Is the commodity price environment today different from the past?
A new higher cost profile has been placed under many commodities, says John Mothersole of economic analysis and forecasting organisation IHS.
“Volatility has increased significantly – and is likely a permanent feature of supply chains,” says Mothersole.
This raises the need to not only track commodity prices, but also the corresponding factors that drive those prices. He advises that organisations:
- build a cost profile of their key materials;
- identify key production centres and raw materials exporters;
- be aware of changes and potential changes in policy;
Furthermore, be prepared for volatility – consider formal hedging strategies (if not already in place) so that your risk management strategy is more routine than reactive.
Suppliers can add to the volatility
The biggest concern associated with suppliers is delays and disruption in the supply chain, with quality and cost following closely behind, says Katie Lewis, also of IHS:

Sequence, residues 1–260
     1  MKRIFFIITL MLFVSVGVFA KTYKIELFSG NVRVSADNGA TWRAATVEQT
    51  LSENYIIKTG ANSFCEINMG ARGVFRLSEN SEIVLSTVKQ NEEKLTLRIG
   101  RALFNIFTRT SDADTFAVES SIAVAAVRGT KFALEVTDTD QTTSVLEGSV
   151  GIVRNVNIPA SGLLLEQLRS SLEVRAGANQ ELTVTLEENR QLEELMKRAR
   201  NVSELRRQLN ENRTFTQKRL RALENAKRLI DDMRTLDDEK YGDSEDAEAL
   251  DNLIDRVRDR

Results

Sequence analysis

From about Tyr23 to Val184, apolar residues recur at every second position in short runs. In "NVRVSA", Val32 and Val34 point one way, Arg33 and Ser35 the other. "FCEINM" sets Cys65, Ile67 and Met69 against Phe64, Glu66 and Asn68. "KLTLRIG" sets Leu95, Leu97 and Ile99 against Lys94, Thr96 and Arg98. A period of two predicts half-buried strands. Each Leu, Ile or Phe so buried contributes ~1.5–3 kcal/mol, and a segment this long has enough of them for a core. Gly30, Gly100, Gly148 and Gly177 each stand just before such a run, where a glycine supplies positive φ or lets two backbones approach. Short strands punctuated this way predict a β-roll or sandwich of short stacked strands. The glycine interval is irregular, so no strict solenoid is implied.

- Supply delay / disruption
- Environmental Compliance
- Counterfeit risk
- Supplier Bankruptcy
Lewis advises partnering with your suppliers – it yields better results than combating them.
Your supplier management process must include assessing the impact of a disruption of the supplier relationship and this should influence the relationship with the supplier going forward, which can be loosely classified as [see image alongside]:
Substitute Available – Highly competitive commodities and parts. Consider strategic timing of buys, effective contract negotiation and benchmarking means cost savings.
Bottleneck – For lower value, but still integral inputs coming from a short list of suppliers, close inventory monitoring is required.
Partner – For the most integral and high-value inputs to your supply chain, grow strategic partnerships with your suppliers.